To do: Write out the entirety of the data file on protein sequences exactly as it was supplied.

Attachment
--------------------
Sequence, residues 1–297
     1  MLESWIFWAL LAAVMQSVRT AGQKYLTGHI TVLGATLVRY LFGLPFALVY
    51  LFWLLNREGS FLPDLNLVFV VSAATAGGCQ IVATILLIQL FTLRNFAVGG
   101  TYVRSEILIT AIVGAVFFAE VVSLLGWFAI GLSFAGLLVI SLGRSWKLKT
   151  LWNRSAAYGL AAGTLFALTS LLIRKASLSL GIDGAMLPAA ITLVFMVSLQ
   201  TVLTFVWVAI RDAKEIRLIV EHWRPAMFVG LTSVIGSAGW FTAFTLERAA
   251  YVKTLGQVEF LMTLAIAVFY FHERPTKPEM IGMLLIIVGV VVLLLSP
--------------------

Sequence, residues 1–297
     1  MLESWIFWAL LAAVMQSVRT AGQKYLTGHI TVLGATLVRY LFGLPFALVY
    51  LFWLLNREGS FLPDLNLVFV VSAATAGGCQ IVATILLIQL FTLRNFAVGG
   101  TYVRSEILIT AIVGAVFFAE VVSLLGWFAI GLSFAGLLVI SLGRSWKLKT
   151  LWNRSAAYGL AAGTLFALTS LLIRKASLSL GIDGAMLPAA ITLVFMVSLQ
   201  TVLTFVWVAI RDAKEIRLIV EHWRPAMFVG LTSVIGSAGW FTAFTLERAA
   251  YVKTLGQVEF LMTLAIAVFY FHERPTKPEM IGMLLIIVGV VVLLLSP